Caribbean Rum in Danger

Sir Ronald Sanders (Jamaica Observer) writes that all rum producers in the Dominican Republic and Caribbean Community (CARICOM) countries are facing the grim prospect of losing their markets in Europe.  Here are excerpts with a link to the full article below:

Having convinced Caribbean’s negotiators to sign a full Economic Partnership Agreement (EPA) with the 27-nation European Union (EU) on the basis that it was not necessary to include specific language on rum because it was covered in Declaration XXV in the Cotonou Convention, the European Commission (EC) is now reneging on its undertakings and many rum companies face a grave financial crisis.

CARIFORUM countries – the independent member states of CARICOM plus the Dominican Republic – agreed to a full EPA in December 2007 under considerable pressure from the EC including the threat that if they did not sign, a higher tariff would be applied to their vital exports, such as sugar, rice and bananas making them uncompetitive with other countries.  [. . . ] [O]n 19th March, a ministerial meeting of EU and African, Caribbean and Pacific (ACP) countries initialed the text of the second revision of the Cotonou Agreement, which is the legal basis for relations between the EU and the ACP, with no attention paid to the plight of rum producers. The EC objected to specific language on rum in the revised text, overriding ACP protests that it did not provide the substantial guarantees that the original Cotonou Declaration gave to the rum industry.

In a more sinister development, while the EC has been hiding behind a Council Regulation that prohibits the 18 months extension, it has been busy trading away the small and limited preference that Caribbean rum has in the EU market. Earlier this month–8 March–the EC formally told the Caribbean that they have already settled liberalized tariffs and quotas with Colombia and Peru and are now talking in similar terms with Central American and Andean countries. These deals are accelerating Latin American access to the EU market and seriously undercutting the period that Caribbean rum producers had been led to believe would exist to facilitate the adaptation of their production and their readiness to compete. [. . .] Caribbean rum producers have expressed their “anger” at Europe for “reneging on previous agreements that aimed to ensure a smooth transition into a fully competitive European market.”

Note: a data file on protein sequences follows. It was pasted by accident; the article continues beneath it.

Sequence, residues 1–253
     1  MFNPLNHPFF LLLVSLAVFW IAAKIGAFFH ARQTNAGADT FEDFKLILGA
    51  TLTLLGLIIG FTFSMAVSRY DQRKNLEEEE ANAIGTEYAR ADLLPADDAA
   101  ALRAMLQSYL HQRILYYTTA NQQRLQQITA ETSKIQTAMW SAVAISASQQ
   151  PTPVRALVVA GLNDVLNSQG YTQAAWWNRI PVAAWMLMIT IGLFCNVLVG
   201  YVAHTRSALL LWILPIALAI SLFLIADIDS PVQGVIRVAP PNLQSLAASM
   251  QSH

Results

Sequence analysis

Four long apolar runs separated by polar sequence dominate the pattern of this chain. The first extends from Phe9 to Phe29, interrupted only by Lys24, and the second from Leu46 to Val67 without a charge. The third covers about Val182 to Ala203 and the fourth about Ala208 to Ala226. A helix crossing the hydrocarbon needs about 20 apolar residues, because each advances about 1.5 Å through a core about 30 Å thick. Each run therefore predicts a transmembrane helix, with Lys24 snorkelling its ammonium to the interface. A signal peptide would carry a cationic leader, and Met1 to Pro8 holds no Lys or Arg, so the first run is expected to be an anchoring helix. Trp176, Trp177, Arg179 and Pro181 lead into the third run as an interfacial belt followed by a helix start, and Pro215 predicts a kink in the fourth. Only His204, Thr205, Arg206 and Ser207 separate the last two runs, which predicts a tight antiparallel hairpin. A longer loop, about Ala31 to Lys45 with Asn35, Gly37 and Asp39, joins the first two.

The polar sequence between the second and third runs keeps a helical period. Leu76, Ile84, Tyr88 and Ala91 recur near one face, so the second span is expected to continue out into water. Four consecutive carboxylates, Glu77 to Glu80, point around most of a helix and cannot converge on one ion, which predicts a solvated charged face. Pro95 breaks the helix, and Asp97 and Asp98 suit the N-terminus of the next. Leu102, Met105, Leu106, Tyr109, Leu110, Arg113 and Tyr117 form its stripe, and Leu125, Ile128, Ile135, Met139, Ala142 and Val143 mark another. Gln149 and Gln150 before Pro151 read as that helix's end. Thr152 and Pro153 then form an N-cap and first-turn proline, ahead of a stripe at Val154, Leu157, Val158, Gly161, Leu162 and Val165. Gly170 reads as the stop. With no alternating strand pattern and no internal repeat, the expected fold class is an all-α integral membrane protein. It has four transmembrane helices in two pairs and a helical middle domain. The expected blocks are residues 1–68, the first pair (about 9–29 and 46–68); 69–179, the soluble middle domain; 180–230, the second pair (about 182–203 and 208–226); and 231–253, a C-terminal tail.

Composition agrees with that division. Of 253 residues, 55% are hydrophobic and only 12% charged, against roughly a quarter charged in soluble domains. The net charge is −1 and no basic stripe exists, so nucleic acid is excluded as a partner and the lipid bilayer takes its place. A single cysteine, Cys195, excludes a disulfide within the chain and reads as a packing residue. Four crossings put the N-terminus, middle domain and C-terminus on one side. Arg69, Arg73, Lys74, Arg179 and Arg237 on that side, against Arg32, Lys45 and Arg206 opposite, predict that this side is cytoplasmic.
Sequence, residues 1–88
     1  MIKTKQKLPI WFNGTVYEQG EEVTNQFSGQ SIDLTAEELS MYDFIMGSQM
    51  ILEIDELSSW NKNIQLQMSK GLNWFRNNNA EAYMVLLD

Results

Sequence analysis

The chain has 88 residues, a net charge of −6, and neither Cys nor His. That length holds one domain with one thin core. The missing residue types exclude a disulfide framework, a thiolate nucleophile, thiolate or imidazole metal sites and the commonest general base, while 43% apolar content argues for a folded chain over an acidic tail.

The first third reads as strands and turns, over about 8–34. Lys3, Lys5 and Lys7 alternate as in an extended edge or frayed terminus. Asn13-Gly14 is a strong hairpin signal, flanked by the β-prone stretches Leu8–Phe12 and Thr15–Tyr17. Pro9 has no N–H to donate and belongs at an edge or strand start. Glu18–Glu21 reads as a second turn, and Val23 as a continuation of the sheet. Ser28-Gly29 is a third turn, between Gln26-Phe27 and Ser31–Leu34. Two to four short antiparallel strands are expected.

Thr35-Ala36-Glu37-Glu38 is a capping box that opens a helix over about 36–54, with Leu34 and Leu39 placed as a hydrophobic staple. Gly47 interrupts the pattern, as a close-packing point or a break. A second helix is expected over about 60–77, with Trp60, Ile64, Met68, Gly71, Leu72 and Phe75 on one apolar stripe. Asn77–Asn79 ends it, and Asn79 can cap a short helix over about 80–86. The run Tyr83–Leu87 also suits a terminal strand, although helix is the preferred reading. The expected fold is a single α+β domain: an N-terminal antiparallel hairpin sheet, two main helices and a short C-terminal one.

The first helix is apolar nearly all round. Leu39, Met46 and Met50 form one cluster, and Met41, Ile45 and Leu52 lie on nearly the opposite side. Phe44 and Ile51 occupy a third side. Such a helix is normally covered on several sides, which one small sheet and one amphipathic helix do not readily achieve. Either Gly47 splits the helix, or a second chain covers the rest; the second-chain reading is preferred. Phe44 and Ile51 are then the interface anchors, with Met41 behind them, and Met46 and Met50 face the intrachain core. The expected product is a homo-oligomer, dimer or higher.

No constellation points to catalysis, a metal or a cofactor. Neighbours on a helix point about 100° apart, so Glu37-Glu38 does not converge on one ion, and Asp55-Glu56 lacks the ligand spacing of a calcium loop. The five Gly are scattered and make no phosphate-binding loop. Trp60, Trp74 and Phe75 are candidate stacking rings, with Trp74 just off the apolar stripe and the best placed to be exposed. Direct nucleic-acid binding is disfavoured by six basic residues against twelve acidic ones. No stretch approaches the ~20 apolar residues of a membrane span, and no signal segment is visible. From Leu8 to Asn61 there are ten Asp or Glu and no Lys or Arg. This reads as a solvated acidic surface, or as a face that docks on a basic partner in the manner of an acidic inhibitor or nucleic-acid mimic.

Many Caribbean commentators at the time spoke out against the EPA, warning that there should be no reciprocal trading arrangement between small Caribbean countries individually and the huge EU collectively. They also argued that Europe had an obligation – if not rooted in historical exploitation, at least founded in the principles of fairness and equity – to provide Caribbean countries with the means to become less uncompetitive in an international economic system that favors the large and powerful. [. . .]

Letters written on behalf of the region by Belize Prime Minister Dean Barrow, Barbados Foreign Minister Maxine Maclean, and Suriname Foreign Minister Lygia Kraag-Keteldjik to the EC have all fallen on deaf ears. But letters are not enough. . .

For full article, see

Image: Postcard of sugar cane harvest in Barbados from

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